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This ChemMatters article provides a history of the study of ozone, a description of an experimental simulation called "The World Avoided," a brief introduction to the chemistry of ozone, an explanation of how ozone is measured, and the difference... (View More)

Audience: High school
Materials Cost: Free

This ChemMatters article provides a brief background on smog, then examines the causes of it, efforts to reduce it, and methods used to measure it. ChemMatters is an educational magazine for high school students.

Audience: High school
Materials Cost: Free

This worksheet introduces students to the Aura satellite and its Ozone Monitoring Instrument (OMI). Students are asked to visit the Aura website and examine OMI data visualizations to learn about emissions of atmospheric gases such as sulfur... (View More)

Keywords: Air pollution
Audience: High school
Materials Cost: Free

In this lesson, students investigate changes in air quality due to human interaction particularly burning of fossil fuels, and crop burning, which increase levels of carbon monoxide. Step-by-step instructions for use of the MY NASA DATA Live Access... (View More)

Audience: Elementary school
Materials Cost: Free per student

This problem-based learning module places learners in the role of researchers analyzing carbon monoxide's environmental impact. Both vehicle emissions and biomass burning are cited as events producing carbon monoxide that impact the environment.... (View More)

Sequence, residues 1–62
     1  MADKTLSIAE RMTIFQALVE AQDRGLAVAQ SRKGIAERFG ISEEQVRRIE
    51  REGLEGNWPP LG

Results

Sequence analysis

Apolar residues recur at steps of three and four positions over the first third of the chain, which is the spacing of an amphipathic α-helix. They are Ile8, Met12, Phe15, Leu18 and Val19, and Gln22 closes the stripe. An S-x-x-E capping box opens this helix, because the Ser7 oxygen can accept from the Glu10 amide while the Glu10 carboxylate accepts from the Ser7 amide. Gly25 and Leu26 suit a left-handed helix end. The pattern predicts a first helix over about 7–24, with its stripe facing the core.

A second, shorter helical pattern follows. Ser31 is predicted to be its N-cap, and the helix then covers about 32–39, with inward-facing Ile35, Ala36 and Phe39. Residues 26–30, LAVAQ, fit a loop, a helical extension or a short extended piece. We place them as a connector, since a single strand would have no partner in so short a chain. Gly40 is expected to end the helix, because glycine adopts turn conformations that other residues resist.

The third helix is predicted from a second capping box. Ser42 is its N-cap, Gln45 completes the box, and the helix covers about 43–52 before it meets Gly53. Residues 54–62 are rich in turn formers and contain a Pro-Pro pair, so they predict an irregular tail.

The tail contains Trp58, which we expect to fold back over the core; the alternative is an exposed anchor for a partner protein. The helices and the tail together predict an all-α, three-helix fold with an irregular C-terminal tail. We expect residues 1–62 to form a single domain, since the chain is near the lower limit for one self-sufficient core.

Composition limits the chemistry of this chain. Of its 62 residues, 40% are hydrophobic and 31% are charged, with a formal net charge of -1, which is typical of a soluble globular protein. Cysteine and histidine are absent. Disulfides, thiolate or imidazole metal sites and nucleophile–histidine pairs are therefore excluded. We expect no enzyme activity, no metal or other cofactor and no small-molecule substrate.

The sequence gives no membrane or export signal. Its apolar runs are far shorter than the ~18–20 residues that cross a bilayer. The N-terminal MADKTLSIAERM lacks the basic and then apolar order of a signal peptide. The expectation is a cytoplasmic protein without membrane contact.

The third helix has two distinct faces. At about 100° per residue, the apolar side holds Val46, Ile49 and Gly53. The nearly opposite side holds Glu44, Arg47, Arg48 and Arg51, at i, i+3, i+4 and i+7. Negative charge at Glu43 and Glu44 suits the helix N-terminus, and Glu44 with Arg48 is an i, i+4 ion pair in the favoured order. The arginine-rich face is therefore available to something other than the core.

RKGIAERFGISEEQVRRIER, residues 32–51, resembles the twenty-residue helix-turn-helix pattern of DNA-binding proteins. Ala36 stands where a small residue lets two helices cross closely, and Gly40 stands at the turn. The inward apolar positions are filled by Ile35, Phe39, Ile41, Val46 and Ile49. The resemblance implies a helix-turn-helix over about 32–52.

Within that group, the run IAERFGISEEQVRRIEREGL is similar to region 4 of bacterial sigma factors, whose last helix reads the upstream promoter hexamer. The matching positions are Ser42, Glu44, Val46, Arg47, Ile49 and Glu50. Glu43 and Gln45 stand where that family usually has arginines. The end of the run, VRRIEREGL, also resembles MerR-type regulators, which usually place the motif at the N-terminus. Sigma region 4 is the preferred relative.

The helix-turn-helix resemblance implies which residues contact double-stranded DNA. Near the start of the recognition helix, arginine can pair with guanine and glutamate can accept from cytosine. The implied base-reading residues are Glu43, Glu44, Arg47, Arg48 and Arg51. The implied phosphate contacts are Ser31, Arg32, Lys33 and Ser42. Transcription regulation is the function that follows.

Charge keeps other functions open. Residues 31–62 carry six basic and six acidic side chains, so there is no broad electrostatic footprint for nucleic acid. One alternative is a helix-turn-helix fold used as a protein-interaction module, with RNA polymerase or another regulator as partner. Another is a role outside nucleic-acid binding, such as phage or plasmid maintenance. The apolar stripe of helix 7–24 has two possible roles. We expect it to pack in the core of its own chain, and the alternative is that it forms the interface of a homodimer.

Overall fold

This twelve-minute YouTube video incorporates NASA imagery and visualizations as it traces the history of air quality research.

Keywords: Air pollution
Audience: Elementary school, Middle school
Materials Cost: Free

In this problem-based learning unit, students learn about the causes and impacts of urban heat islands. Numerous studies have shown how concrete pavements and buildings retain heat in cities, making cities several degrees warmer than the surrounding... (View More)

In this problem-based learning activity, learners investigate impact of sulfur dioxide on the environment. Sulfur dioxide comes from both human activities and natural sources. Burning coal and other fossil fuels is the largest source of sulfur... (View More)

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